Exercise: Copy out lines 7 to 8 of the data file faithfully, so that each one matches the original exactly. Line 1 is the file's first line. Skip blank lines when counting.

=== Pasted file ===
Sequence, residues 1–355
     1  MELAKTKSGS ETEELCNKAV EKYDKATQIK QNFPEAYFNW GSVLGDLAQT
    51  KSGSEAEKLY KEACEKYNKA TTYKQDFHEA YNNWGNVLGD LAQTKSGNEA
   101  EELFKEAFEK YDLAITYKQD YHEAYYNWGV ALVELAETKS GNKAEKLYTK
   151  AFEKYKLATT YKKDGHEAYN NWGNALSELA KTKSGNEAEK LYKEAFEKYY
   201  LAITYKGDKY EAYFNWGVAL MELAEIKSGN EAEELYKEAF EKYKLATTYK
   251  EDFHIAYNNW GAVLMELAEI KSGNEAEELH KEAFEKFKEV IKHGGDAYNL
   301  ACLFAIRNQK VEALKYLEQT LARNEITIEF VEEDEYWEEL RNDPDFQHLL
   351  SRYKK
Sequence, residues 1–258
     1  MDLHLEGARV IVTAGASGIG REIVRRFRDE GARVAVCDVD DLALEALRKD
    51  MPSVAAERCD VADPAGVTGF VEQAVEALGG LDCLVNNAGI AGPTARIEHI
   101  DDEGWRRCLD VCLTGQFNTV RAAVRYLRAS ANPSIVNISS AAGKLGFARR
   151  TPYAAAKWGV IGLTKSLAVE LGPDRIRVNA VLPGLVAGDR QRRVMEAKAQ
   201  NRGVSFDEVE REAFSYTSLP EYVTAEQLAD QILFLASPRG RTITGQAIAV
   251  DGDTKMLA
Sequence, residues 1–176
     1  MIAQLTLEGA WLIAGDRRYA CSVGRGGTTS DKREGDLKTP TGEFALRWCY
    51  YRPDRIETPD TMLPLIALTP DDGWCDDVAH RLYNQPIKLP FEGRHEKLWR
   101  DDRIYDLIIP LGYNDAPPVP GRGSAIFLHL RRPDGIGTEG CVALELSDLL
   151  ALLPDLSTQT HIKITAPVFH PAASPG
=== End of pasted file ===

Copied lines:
   251  EDFHIAYNNW GAVLMELAEI KSGNEAEELH KEAFEKFKEV IKHGGDAYNL
   301  ACLFAIRNQK VEALKYLEQT LARNEITIEF VEEDEYWEEL RNDPDFQHLL